This year’s Bits&Chips System Architecting Conference will be organized as an online event series again. Through an inspiring program, this event always brings together system architects to share successful and failed development cases in both high tech and civil engineering.

Shortly, we will announce the next webinar of the System Architecting Conference 2024.
In the meantime you can watch the videos of previous webinars via the button on top.


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Webinar video 2023

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28 March 2023 – Johannes Jobst (Demcon)
Systems engineering for SMART: accelerator-based, high-volume production of medical isotopes.

Webinar videos 2021 & 2022

In 2021 and 2022, the Bits&Chips System Architecting Conference was also organized as an online event series.

Take a look at the program of 2021 here. If you want to have access to our video archive, please contact for the possibilities. 


System architecture (and systems engineering) are distinguishing disciplines in the development and commercialization of complex systems, products and machines. The system architect’s decisions can make or break a product. A system architect needs to be a good communicator and problem solver, because he or she is in charge of the development of a system architecture. However, the system architect should also have technical knowledge from different kinds of disciplines.

Experience is an important factor, but the system architect can also learn a lot from his peers. Exchanging lessons learned from successful and failed development cases is invaluable to sharpen his mind. 

Target audience

The target audience consists of all involved in the development and commercialization of complex products and machines:

  • System architects
  • System engineers
  • Technical management
  • Decision makers of complex-system companies
  • Product managers

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Johannes Jobst (Demcon)

Systems engineering for SMART: accelerator-based, high-volume production of medical isotopes

6 April 2023, 15:30 – 16:15 hours, GMT+2

In this presentation Johannes Jobst will present an alternative factory design where Molybdenum-99 (Mo-99) isotopes are produced from stable Mo-100 by high-intensity electron irradiation (75 MeV, 40 mA → 3 MW heat load). This SMART factory was under development by the Institute of Radio Elements (IRE) in Fleurus, Belgium.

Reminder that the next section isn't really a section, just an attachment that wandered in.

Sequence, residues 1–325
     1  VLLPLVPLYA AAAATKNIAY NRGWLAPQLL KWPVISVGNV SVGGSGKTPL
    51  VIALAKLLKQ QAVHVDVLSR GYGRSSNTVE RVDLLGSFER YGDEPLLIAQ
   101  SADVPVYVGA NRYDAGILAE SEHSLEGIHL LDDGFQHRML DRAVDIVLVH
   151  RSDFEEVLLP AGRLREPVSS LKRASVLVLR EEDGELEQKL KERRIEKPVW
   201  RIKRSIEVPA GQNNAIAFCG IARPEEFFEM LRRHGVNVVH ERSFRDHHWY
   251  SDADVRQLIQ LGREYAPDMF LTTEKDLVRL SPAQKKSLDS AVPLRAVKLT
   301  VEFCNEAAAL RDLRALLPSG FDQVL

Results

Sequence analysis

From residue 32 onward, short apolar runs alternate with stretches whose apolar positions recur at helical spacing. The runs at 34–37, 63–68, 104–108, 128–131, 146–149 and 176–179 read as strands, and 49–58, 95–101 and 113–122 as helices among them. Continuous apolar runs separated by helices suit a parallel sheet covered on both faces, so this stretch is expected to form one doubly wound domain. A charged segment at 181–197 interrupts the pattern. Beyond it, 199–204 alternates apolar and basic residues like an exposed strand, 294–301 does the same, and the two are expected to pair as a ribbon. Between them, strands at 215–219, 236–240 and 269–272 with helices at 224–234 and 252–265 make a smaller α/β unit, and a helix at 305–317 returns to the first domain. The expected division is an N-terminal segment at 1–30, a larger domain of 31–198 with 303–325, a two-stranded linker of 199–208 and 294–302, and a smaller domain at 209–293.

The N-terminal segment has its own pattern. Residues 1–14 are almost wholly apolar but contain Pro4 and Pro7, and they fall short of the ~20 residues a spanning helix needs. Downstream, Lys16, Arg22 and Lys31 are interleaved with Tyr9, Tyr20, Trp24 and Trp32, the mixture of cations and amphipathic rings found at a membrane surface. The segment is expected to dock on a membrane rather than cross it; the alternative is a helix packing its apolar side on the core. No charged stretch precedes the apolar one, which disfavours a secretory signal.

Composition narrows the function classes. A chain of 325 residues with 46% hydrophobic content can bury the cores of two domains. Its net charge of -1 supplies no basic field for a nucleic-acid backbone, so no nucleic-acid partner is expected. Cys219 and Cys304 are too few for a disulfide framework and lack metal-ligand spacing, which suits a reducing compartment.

The current way of producing Molybdenum-99, one of the key medical isotopes worldwide with tens of millions of diagnoses per year, does not have a long-term perspective. The used fission of U-235 in nuclear reactors is not sustainable due to reactor age, the high-level radioactive waste generated and proliferation concerns.
The fact that industrial-scale production of Mo-isotopes is achievable by high-intensity electron irradiation was realized by ASML as a byproduct of evaluating free electron lasers as a potential EUV source. While this project, which received National Icon status in 2016, was too far from the core business of the Veldhoven builder of lithography machines, ASML helped develop the concept further with a number of partners under the leadership of IRE.
In this alternative SMART factory design, a Mo-100 target is subject to high heat loads and material degradation due to radiation damage from the high-intensity electron beam that converts Mo-100 to the Mo-99 product. To manage those extreme conditions, the target is cooled with a high flow of liquid sodium. Further, an intense shower of unwanted, high-energy photons and neutrons is released in the process. Those need to be shielded to protect the environment, personnel as well as electronic equipment.

Johannes will discuss the system engineering challenges that are crucial for such a large project with tight timeline, big teams at different project partners and intrinsic, fundamental uncertainties.

Johannes Jobst Demcon

Johannes is working as system engineer at Demcon where he is developing high-tech products for a variety of customers. He has a background in physics, which he studied in Berlin and Erlangen (Germany) and performed (PhD) research in Erlangen (Germany), Leiden (Netherlands) and Columbia University (New York). His expertise is on fundamental research of quantum transport and device physics in two-dimensional materials, material characterization, electron microscopy development and tooling for the semiconductor industry.
As one of two system architects, he was responsible for the design and engineering of the exposure system of IRE’s SMART factory with a team of ~80 engineers at Demcon.